Both the PL/I version on the 8080 and the C version on the IBM PC are now converted and running, needing some amount of work before release. The Victor version will be running soon. Without any optimization or division into overlays, the 8080 version has 4K bytes of memory left over, and runs as fast as the 9900 version.
The discussion of marketing went very roughly as follows.
John Owens has sold perhaps 20 copies of the 9900 version through his ads in Byte, and has had lots of people ask why it isn't on the 8080. He might sell as many as a hundred in a short time if we turn him loose.
There are some large markets for an 8080 MicroCad. Scion is selling enough Microangelos to support a color ad in the front of Byte every month, though there's very little software available. A version using the Microangelo with a light pen would be a completely standard product that would run entirely on Scion's graphic equipment and might be something they would want to market. There are other markets further along, like Apples and the incredibly cheap Sinclair. Again, it might be easily converted to Univac PL/I, running on an 1100 with Tektronix graphics.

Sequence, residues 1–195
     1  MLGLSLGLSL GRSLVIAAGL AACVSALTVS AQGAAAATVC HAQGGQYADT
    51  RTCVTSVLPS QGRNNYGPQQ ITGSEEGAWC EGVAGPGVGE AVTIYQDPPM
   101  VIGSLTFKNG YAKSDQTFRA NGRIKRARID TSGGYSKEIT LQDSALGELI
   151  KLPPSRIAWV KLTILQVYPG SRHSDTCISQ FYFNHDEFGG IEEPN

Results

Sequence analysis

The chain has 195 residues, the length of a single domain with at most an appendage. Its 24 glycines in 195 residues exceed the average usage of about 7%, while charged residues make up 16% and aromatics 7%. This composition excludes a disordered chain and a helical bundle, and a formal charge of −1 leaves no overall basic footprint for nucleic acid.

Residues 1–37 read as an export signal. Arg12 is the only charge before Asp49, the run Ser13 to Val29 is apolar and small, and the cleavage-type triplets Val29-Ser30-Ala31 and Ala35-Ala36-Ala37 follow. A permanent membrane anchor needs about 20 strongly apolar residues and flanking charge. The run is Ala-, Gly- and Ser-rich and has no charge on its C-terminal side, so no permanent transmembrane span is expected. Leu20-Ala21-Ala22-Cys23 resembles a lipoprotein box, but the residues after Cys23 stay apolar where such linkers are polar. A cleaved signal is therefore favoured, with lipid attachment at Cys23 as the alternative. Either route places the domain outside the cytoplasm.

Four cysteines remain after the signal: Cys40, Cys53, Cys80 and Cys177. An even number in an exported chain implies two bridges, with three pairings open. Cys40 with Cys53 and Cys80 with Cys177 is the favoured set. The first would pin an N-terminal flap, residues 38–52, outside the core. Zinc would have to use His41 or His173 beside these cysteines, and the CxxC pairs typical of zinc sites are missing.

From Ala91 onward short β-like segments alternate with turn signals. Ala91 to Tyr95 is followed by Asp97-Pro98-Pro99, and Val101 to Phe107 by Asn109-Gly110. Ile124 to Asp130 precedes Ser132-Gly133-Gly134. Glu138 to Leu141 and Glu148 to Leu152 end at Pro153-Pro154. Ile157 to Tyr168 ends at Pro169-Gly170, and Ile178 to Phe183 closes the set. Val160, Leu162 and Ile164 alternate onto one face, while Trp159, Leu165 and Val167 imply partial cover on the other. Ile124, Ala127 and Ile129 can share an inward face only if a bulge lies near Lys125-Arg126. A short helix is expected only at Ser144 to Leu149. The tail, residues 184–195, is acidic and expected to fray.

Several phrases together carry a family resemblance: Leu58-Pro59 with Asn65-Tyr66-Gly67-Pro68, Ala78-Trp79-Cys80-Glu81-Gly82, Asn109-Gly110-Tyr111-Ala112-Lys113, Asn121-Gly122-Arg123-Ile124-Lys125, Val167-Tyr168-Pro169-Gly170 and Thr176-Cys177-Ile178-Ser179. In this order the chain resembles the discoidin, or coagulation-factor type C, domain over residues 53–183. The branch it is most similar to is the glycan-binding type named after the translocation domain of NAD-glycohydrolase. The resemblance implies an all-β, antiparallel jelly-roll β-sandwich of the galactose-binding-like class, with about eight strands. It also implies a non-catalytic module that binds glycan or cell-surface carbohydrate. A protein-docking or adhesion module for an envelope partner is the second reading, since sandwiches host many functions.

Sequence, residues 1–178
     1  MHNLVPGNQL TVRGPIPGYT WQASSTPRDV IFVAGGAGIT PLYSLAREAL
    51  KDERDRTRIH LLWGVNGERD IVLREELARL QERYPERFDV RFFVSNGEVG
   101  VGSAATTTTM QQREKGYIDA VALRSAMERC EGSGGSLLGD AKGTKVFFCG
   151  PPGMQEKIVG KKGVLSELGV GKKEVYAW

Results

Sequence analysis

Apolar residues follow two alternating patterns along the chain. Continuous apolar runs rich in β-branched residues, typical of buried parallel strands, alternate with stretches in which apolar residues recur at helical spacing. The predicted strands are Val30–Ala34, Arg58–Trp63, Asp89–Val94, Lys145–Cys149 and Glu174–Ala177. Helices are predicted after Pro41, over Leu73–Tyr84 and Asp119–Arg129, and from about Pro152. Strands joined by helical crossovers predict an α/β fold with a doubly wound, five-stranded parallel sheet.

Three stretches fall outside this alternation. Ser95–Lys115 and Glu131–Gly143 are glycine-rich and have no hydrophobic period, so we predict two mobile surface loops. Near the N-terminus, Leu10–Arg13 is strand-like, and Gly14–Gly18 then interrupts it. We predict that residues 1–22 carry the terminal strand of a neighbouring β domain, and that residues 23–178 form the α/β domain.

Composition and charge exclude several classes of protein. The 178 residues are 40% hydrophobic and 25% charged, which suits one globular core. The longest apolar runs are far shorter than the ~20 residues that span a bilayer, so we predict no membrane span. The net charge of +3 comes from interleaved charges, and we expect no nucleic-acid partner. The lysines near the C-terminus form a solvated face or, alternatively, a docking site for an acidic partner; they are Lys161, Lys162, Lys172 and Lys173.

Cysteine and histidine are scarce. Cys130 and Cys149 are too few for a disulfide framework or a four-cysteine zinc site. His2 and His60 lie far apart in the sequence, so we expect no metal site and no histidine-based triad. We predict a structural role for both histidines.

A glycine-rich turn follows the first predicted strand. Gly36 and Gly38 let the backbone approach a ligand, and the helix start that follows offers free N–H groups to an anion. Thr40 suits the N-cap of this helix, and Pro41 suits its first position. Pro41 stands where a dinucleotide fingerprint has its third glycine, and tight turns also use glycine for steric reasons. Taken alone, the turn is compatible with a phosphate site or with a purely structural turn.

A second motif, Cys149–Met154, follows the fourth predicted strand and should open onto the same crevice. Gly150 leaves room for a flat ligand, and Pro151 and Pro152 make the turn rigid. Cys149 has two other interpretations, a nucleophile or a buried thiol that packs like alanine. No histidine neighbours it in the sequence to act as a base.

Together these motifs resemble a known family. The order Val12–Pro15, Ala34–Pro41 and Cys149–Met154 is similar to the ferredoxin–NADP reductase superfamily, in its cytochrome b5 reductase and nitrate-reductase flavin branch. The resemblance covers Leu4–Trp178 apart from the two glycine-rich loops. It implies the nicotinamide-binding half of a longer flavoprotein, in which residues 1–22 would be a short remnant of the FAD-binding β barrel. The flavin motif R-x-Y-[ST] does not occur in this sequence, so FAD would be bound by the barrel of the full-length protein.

On the other hand, since we could ship out copies and sell a few almost immediately, there are marketing decisions that must be settled immediately. What do we do about Beta testing? Do we sell a pre-release? How do we price it? What do we know of the reactions of live users of the 9900 version? The only people in the company who have spent any time using it are computer fanatics who know the internals and are not well qualified to judge user interfacing for a large market.
It's clear that getting some copies into the field and getting information back from end users will be invaluable in developing the product. Getting some actual money into the company is also important.
Fears of getting a hostile review on an early release were dissipated by the observation that it's extremely hard to get reviews when you want them. A product that's selling at most a few hundred copies is in little danger of any reviews.
The consensus reached was this: The 8080 version will get a driver for whatever plotter John Owens currently likes to sell. Stephanie Nydell, who has done documentation and support for larger graphic systems in the electronics business, will write up suggestions for making the user interface more friendly to completely unsophisticated users. She will also make minimal changes in the current manual to make a preliminary version that we can send out with the early release. We'll tell Owens that the product is coming, and he can sell it to his 8080 prospects. On Wednesday, August 25, we want to send this version out.
There will be a Victor 9000 version for Mike Ford to demonstrate by the end of September.
The initial list price will be the same $1,000 as for the current 9900 Interact.
Once we have this product out the door, we demonstrate to Hewlett-Packard and pursue our other contacts. Work will start then on a new manual and will proceed as we exercise the program and get feedback from users.
Editor: John Walker